What is the glorious result of holiness? “So Jesus is not ashamed to call them brothers” (v. 11b). (And yes, ladies, we can include ourselves in that statement. Jesus is not sexist.) The author adds some support from Psalms and Isaiah, one of which is another answer to our ongoing question: “Why did God send Jesus to die for our sins?” He quotes Isaiah 8:18: “Here am I and the children God has given me.” God sent Jesus that He might have sons and daughters from His creation. The amazing truth about this is, Jesus is presenting to God the very ones God has given to Him.  Listen to His prayer recorded in John 17: “I have revealed you to those whom you gave me . . . they were yours; you gave them to me” (v. 6).

Someday Jesus will present all believers to His Father as His brothers and sisters and children. The family resemblance will be unmistakable. No, not physical traits, but holiness, a measure of which should be evident in us today. May we always bring honor to the family name. Beloved, can others see your big Brother in you?

Hebrews: Am I a Child of God?

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The humanity of Jesus has long been a point of contention among scholars, theologians, and skeptics. It is difficult to grasp the idea that Jesus is God. A man. The divine in human flesh. It raises so many questions. Why would God subject His one and only Son to the frailties of a human body?  Why would He send Him away from perfection in heaven to walk with sinful men? Why would He impose death on His own Son for such sinful, ungrateful creatures? The author of Hebrews gives us several points in these next eight verses.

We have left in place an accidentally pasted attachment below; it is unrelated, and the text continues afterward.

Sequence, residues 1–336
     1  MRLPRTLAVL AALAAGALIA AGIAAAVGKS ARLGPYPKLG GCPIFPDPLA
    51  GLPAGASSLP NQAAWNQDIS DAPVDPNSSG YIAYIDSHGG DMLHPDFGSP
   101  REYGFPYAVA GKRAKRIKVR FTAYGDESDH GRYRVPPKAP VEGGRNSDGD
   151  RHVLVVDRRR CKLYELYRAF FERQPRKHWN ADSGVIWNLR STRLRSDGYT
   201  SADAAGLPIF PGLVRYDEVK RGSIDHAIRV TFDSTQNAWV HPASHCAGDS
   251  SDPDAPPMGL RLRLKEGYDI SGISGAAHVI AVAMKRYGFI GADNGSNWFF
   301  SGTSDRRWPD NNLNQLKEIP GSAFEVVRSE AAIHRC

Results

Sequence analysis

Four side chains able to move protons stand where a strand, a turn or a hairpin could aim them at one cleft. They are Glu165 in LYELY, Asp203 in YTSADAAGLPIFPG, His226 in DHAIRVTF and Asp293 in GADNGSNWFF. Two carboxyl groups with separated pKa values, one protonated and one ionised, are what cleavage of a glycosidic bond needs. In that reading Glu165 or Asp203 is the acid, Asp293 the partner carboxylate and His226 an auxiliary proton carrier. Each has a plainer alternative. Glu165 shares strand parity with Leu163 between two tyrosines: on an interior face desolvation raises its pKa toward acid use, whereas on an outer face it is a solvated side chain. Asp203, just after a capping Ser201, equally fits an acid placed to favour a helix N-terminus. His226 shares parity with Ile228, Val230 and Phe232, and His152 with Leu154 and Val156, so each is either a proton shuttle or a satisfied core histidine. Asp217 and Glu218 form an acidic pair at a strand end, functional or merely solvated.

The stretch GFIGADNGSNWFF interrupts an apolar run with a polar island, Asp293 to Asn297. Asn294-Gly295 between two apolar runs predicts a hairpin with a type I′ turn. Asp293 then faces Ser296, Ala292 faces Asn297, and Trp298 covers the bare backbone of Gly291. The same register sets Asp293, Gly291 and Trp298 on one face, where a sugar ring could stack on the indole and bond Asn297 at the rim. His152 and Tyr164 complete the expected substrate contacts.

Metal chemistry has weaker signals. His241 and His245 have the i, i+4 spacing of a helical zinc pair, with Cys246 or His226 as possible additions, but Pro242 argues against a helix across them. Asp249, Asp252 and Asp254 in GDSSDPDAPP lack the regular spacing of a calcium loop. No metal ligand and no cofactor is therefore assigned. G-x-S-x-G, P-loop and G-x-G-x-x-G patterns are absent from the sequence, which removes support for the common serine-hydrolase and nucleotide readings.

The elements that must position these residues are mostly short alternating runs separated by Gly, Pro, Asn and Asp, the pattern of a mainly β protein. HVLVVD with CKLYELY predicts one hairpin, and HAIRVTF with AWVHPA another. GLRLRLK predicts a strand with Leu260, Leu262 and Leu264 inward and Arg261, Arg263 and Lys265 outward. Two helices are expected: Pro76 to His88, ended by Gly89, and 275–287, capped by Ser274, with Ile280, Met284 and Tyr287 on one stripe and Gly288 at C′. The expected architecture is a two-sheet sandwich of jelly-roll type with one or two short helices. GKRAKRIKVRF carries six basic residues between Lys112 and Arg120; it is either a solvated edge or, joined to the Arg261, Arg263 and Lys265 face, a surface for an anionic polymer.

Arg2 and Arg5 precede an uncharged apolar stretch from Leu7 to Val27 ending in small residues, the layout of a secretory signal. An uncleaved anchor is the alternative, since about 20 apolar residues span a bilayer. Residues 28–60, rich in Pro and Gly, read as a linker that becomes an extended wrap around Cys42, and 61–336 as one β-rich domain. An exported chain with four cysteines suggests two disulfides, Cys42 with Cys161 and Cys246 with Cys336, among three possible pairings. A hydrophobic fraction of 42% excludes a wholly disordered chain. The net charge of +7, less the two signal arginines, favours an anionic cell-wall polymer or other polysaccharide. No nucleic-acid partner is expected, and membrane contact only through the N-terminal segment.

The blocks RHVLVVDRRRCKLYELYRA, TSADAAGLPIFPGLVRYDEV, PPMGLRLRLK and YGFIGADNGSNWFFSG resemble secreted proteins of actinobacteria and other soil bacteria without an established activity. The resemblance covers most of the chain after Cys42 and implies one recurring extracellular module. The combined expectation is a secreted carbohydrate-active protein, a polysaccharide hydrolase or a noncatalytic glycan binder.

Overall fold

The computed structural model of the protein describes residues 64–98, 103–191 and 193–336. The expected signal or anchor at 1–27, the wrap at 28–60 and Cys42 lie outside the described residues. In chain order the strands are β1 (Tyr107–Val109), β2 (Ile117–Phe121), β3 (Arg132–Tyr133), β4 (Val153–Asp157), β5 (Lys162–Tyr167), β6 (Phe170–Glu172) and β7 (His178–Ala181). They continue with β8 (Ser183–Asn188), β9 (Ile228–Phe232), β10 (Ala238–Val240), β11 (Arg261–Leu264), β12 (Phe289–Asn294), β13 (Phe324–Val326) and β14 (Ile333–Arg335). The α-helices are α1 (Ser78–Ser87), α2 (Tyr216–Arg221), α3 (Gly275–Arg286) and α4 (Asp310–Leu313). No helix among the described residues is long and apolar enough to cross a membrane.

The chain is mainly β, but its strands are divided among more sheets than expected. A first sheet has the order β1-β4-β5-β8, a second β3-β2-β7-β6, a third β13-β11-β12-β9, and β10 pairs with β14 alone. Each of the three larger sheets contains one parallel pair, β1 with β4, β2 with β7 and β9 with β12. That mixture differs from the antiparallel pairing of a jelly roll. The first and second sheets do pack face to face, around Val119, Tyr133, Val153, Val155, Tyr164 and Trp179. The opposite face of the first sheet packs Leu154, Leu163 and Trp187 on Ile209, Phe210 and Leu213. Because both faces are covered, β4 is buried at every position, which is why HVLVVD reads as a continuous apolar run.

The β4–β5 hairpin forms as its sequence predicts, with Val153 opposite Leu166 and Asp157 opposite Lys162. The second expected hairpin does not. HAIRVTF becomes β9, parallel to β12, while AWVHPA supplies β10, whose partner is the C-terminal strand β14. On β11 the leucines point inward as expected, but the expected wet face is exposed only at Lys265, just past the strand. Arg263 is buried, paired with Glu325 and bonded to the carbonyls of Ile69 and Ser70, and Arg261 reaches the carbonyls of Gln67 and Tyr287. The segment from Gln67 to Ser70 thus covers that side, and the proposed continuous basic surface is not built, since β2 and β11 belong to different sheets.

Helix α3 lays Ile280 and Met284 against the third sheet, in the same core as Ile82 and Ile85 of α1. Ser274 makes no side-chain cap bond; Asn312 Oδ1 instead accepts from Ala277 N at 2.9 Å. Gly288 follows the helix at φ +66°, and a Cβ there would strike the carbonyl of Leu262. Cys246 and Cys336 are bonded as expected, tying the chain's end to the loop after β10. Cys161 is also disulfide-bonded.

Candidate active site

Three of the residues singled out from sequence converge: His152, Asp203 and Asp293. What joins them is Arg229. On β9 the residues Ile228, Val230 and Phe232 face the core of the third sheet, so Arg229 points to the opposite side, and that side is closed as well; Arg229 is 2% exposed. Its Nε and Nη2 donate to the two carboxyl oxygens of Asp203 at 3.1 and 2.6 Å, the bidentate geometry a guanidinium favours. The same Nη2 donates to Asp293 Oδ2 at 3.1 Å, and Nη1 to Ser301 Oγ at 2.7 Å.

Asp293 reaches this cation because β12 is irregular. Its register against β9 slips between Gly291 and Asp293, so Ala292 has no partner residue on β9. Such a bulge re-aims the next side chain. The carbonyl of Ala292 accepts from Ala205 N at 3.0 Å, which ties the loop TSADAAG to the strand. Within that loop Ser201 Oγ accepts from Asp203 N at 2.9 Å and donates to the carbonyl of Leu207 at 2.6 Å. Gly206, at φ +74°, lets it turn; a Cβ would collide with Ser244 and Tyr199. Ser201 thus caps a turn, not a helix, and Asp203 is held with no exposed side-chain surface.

We’ll start here: “In bringing many sons to glory . . .” (Hebrews 2:10a).

God’s plan was to “bring many sons to glory,” to bring lost human beings into His eternal family. You have probably heard someone say “We are all God’s children.” It’s a nice sentiment, but it isn’t true. We are all God’s creation, but only those who have trusted in Christ as their Savior are God’s children. Jesus said, “Whoever does the will of my Father in heaven is my brother and sister . . .” (Matthew 12:50). What is the will of the Father?  “My Father’s will is that everyone who looks to the Son and believes in Him shall have eternal life . . .” (John 6:40).  The children of God believe in the Son of God. God’s desire is not to build a household of servants or an army of soldiers or a cult of mindless followers, but a family. Jesus’ death and resurrection are His means to accomplish that goal.

How do you know if you’re a child of God? If you “walk in the light” (1 John 1:7). If you “obey His commands” (2:3; 5:3). If you “walk as Jesus did” (2:6). If you “love your brother” (2:10; 3:10, 11; 4:21). If you do not “love the world” (2:15).  If you “do what is right” (3:10). If you “love with actions and in truth” (3:18-19). If you “acknowledge that Jesus Christ has come from God” (4:2). If you believe “that Jesus is the Christ” (5:1). If you “do not continue to sin” (5:18).

The only question then is, Beloved, are you a child of God?

Child of God

My son and granddaughter ages 28 and 6 months.